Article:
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Matts (1087)

Matts
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I work for MessageLabs [messagelabs.com] in Toronto, ON, Canada. I write spam filters, MTA software, high performance network software, string matching algorithms, and other cool stuff mostly in Perl and C.

Journal of Matts (1087)

Saturday January 25, 2003
01:56 PM

MS SQL Server

[ #10186 ]

So now I've discovered why I couldn't access my honeypot box at work last night or this morning. It was being DoS'd by multiple copies of an MS SQL Server worm. Normally my firewall log fills up fairly slowly with some uninteresting ports being hit. Here's just a small snippet of this morning's firewall log:

Jan 25 05:36:00 gShield (default drop)  UDP 219.101.40.137:3996 -> ms-sql-m(1434)
Jan 25 05:36:12 gShield (default drop)  UDP ip68-5-107-161.oc.oc.cox.net:1030 -> ms-sql-m(1434)
Jan 25 05:37:58 gShield (default drop)  UDP 194.221.4.33:3913 -> ms-sql-m(1434)
Jan 25 05:39:19 gShield (default drop)  UDP orion.blazenet.net:2036 -> ms-sql-m(1434)
Jan 25 05:41:08 gShield (default drop)  UDP 81.23.225.71:1125 -> ms-sql-m(1434)
Jan 25 05:41:25 gShield (default drop)  UDP 128.111.78.166:2753 -> ms-sql-m(1434)
Jan 25 05:43:31 gShield (default drop)  UDP 131.247.211.3:1631 -> ms-sql-m(1434)
Jan 25 05:46:15 gShield (default drop)  UDP prosj2021.stud.hials.no:1382 -> ms-sql-m(1434)
Jan 25 05:48:09 gShield (default drop)  UDP 6387www0.rwc1.aens.net:4494 -> ms-sql-m(1434)
Jan 25 05:48:36 gShield (default drop)  UDP idejeha3.hh.se:4738 -> ms-sql-m(1434)
Jan 25 05:49:02 gShield (default drop)  UDP 62.128.28.47:2917 -> ms-sql-m(1434)
Jan 25 05:49:20 gShield (default drop)  UDP 142.232.102.210:1278 -> ms-sql-m(1434)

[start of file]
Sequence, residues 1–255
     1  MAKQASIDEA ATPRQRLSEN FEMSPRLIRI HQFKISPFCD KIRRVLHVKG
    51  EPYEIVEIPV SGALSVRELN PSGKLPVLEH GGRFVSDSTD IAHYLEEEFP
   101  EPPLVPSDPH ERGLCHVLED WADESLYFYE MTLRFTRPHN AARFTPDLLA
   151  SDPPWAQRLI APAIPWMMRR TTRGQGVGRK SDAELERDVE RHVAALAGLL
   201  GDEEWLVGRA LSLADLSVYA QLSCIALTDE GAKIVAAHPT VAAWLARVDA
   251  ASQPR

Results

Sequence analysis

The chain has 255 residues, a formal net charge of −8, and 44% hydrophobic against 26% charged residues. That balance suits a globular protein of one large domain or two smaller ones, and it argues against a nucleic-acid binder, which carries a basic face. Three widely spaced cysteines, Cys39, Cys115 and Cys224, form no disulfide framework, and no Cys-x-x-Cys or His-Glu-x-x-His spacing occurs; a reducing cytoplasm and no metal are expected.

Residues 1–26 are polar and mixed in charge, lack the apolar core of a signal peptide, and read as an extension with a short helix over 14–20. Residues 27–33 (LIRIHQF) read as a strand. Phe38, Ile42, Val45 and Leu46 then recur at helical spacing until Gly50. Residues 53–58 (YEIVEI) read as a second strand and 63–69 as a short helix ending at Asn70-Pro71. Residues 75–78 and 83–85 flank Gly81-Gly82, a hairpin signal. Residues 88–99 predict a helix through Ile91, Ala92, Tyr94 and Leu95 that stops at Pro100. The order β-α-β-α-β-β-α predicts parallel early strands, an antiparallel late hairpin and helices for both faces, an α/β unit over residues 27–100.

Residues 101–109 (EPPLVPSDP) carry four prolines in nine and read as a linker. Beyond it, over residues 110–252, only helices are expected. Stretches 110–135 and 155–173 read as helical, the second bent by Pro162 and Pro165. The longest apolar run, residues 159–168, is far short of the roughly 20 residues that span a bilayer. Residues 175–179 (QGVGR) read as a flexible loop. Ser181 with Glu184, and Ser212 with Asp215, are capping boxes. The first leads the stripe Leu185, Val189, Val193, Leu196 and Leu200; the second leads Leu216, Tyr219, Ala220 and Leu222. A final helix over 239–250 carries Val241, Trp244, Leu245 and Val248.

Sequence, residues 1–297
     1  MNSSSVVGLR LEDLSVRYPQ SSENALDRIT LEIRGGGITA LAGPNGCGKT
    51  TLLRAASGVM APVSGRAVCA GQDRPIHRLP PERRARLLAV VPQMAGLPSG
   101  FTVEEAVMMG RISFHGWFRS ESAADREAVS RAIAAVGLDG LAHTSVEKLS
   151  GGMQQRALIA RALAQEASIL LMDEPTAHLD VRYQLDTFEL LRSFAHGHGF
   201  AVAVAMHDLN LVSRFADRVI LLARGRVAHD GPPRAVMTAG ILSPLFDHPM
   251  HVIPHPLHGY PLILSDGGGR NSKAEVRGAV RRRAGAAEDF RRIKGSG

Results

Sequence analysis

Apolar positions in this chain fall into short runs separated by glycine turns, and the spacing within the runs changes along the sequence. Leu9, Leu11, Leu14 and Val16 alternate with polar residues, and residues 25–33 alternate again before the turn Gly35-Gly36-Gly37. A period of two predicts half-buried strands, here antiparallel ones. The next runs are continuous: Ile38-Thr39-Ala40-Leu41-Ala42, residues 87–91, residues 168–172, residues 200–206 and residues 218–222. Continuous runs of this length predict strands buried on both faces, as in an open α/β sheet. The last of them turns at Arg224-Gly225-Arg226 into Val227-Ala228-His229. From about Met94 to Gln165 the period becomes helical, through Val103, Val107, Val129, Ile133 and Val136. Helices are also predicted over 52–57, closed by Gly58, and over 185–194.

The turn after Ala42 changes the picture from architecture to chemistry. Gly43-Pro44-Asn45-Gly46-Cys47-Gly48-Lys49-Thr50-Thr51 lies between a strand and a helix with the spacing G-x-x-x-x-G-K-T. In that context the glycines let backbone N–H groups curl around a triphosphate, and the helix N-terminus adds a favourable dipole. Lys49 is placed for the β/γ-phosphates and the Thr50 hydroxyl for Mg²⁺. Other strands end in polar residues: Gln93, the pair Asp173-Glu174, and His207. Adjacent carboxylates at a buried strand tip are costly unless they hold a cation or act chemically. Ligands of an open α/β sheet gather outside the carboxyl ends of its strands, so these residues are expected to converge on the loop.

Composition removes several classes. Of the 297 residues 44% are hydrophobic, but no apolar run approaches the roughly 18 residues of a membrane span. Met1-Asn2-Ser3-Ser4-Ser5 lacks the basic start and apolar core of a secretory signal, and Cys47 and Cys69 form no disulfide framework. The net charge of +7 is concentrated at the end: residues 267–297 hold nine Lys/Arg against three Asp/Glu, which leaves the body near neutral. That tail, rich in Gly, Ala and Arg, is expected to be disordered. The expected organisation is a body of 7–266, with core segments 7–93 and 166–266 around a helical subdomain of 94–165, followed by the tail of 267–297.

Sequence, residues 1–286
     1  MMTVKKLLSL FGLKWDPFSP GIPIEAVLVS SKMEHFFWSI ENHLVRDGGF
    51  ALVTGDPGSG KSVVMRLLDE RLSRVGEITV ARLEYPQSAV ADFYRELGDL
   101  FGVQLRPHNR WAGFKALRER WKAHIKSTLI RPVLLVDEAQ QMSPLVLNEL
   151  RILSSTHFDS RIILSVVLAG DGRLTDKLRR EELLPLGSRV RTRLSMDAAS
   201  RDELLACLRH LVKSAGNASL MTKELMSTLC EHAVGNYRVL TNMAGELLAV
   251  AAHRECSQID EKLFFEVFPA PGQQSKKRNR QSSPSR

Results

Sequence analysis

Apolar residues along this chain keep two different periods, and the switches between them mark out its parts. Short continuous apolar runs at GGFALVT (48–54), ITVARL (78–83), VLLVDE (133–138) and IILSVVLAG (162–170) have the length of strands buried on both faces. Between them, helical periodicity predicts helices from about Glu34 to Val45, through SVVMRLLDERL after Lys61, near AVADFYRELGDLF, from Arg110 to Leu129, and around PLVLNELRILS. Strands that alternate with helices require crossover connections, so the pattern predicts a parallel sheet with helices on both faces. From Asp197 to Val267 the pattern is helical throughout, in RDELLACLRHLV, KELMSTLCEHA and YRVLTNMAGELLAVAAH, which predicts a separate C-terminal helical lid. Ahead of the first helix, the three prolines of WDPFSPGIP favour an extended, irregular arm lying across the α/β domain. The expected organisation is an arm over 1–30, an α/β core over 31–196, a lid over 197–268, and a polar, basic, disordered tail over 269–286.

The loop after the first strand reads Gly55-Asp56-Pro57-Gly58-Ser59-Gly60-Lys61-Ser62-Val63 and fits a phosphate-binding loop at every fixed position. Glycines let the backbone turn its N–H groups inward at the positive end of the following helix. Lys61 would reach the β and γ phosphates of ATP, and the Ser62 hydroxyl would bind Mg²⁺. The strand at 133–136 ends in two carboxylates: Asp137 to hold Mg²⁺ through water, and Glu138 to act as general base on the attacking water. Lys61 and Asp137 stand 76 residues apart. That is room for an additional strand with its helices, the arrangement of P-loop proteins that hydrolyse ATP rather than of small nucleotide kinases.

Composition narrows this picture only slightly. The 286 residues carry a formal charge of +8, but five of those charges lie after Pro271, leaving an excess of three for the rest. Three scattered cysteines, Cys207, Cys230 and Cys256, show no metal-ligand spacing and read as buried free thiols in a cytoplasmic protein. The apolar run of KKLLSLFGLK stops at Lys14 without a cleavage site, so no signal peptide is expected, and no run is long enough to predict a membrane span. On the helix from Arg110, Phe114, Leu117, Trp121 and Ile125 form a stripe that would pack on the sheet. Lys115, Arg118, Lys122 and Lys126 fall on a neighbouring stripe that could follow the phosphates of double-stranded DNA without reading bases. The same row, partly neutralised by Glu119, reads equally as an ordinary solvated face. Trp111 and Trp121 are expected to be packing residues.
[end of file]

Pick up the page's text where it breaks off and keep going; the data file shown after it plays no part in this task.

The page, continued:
Jan 25 05:50:46 gShield (default drop)  UDP orange.aci.net:1955 -> ms-sql-m(1434)
Jan 25 05:50:55 gShield (default drop)  UDP 64.242.38.126:1661 -> ms-sql-m(1434)
Jan 25 05:51:14 gShield (default drop)  UDP dhcp-atl20-oae-aff066.atl.hp.com:1173 -> ms-sql-m(1434)

And it goes on like that. Not a single hit for any other ports for the entire time period.

Why is it that MS vulnerabilities, even for server technologies which they don't seem to have a monopoly in, seem to be exploited ever so more heavily than Unix/Linux or other product vulnerabilities?

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  • There was a story on slashdot about this. Five of thirteen root nameservers disabled - ouch. I've never heard a good thing about MS SQL Server (and not just because MS makes it). Why do folks use it? I'm genuinely curious.
    • It's actually not a bad database, so long as you understand its locking strategies. It's based off an old branch of Sybase, so it's got good heritage. We use it in an extremely large installation - over 25 replicated SQL servers globally. It all seems to work fairly well, though I try not to get involved.

      However where MS SQL Server doesn't work is when you get deadlocks. Its locking strategy is significantly poorer than PostgreSQL or Oracle's (i.e. it doesn't do MVCC - reading commited data while other tra
      • There's also the problem with row locks myseriously escalating into page locks (they may have changed this behavior in SQL Server 2000, but it was definitely a problem in 6.5 and 7).
  • Microsoft is king of the hill when it comes to software (even if they don't have a monopoloy in certain areas)...

    In case you haven't seen it yet, details about this particular worm can be found at CERT [cert.org]. Just out of curiosity, how long have you been running your honeypot, and have you had any other incidents? Has it been useful to run one?